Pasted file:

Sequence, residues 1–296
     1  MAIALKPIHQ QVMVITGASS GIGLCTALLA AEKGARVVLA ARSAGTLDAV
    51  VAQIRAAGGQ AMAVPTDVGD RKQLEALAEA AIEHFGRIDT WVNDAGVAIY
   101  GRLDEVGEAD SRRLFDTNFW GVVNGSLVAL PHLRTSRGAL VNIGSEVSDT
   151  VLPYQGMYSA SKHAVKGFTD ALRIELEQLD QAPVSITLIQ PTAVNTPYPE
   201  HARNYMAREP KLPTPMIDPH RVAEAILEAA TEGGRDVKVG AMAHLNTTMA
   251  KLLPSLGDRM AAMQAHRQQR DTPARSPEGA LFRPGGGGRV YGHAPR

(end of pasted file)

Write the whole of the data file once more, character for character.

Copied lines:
Sequence, residues 1–296
     1  MAIALKPIHQ QVMVITGASS GIGLCTALLA AEKGARVVLA ARSAGTLDAV
    51  VAQIRAAGGQ AMAVPTDVGD RKQLEALAEA AIEHFGRIDT WVNDAGVAIY
   101  GRLDEVGEAD SRRLFDTNFW GVVNGSLVAL PHLRTSRGAL VNIGSEVSDT
   151  VLPYQGMYSA SKHAVKGFTD ALRIELEQLD QAPVSITLIQ PTAVNTPYPE
   201  HARNYMAREP KLPTPMIDPH RVAEAILEAA TEGGRDVKVG AMAHLNTTMA
   251  KLLPSLGDRM AAMQAHRQQR DTPARSPEGA LFRPGGGGRV YGHAPR